Please note — if you believe you have been exposed to HIV within in the last 72 hours, go immediately to your health care provider or an emergency room doctor and request post-exposure prophylaxis (PEP). OraQuick does not give accurate results for recent exposures that occur less than 3 months before testing.
The Centers for Disease Control and Prevention (CDC) reports 1 in 8 U.S. Americans with Human Immunodeficiency Virus (HIV) don’t know they are infected. You can find out your HIV status from home in 5 easy steps using the Food and Drug Administration (FDA) approved self-test, OraQuick. The test does not need to be mailed in for results and is, therefore, completely confidential. In as few as 20 minutes, OraQuick can detect HIV infection 3 months after possible exposure to HIV. Here’s how to obtain your HIV status:
- Purchase an OraQuick test kit. Go online or to your local drug store and purchase an OraQuick test kit, which costs approximately $40. You do not need a prescription, but you do need to be at least 17 years of age to purchase.
Important: Do not eat, drink, or use oral care products such as toothpaste, whitening strips, or mouthwash before testing. If you have used any of these or similar products, wait at least 30 minutes before using OraQuick. Also, remove dentures, mouth guards, or retainers.
- Swab your gums. Using the test stick, swab your upper gums only once on one side of the pad; then, swab your lower gums only once on the opposite side of the pad.
- Place test stick into test tube. Open the test tube, being careful not to spill any fluid. Place the test stick into the test tube with the test window facing you. Do not remove the test stick once it has been placed into the test solution.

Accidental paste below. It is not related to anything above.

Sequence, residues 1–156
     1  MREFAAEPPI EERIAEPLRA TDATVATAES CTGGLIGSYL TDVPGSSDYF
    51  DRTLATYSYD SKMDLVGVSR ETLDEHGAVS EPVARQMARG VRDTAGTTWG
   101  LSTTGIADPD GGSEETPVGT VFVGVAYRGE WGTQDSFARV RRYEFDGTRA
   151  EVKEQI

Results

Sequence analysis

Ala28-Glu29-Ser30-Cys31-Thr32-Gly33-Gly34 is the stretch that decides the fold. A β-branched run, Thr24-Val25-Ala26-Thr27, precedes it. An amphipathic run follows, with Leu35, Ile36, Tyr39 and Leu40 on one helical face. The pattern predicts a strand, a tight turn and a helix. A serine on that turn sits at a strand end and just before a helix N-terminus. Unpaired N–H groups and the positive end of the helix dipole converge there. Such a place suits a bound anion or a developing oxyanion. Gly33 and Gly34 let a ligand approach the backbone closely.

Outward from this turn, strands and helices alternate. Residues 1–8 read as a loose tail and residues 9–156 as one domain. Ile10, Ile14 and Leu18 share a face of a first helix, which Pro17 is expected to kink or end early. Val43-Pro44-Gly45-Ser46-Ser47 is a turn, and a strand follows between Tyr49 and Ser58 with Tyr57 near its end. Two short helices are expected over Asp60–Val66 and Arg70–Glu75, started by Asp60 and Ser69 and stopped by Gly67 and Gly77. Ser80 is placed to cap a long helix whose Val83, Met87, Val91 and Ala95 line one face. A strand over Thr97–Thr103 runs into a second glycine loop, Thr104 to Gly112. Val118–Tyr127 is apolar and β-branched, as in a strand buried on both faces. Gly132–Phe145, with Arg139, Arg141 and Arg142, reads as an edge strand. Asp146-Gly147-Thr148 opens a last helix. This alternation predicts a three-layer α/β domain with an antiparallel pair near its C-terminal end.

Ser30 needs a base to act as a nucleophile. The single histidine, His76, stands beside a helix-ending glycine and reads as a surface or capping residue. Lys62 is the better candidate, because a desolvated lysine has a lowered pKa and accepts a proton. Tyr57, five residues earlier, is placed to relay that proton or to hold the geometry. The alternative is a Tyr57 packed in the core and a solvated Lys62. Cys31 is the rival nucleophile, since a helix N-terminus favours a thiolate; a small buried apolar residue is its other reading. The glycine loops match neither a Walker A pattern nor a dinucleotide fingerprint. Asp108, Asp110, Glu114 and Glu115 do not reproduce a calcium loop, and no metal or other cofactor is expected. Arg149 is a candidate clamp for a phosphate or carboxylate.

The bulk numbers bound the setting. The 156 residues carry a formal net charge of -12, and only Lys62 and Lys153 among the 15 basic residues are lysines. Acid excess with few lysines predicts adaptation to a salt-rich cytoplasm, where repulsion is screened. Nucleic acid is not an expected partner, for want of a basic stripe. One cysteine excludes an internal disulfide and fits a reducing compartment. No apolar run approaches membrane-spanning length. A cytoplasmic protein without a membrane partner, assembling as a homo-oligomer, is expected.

- Read test results. Wait 20-40 minutes (results are unreliable before 20 minutes and after 40 minutes). The C-line should appear, this assures your kit is working properly. If there is no C-line, obtain a new test kit and start again. If a T-line does not appear, the test has not detected antibodies and is negative. If a T-line appears, even a faint line, the test has detected antibodies and is positive.
- Dispose of OraQuick test kit. Place the used kit into the disposal bag provided and seal it to help protect the privacy of your results. Then, discard the bag into a trash can.
If your test is negative and exposure occurred less than 3 months from the time of the OraQuick home test, repeat the test at the 3 month mark or shortly after. This is because OraQuick looks for antibodies, and it could take up to 3 months for your body to produce enough antibodies for the test to detect. Therefore, if done too early, the test can result in a false negative. If your test is positive, contact a medical professional as soon as possible to confirm the results using a blood test.
Remember that HIV can be managed with antiretroviral therapy (ART) and proper primary care. The best way to protect your health and the health of your sexual partners is to engage in protected sex, have regular HIV screenings, and talk to your health care provider about reproductive health.
- Centers for Disease Control and Prevention. (2017). Talk testing [image]. Retrieved from https://www.cdc.gov/actagainstaids/campaigns/starttalking/testing.html
- OraQuick. (2017). Taking the test. Retrieved from http://www.oraquick.com/
- Centers for Disease Control and Prevention. (2017). HIV/AIDS. Retrieved from http://www.cdc.gov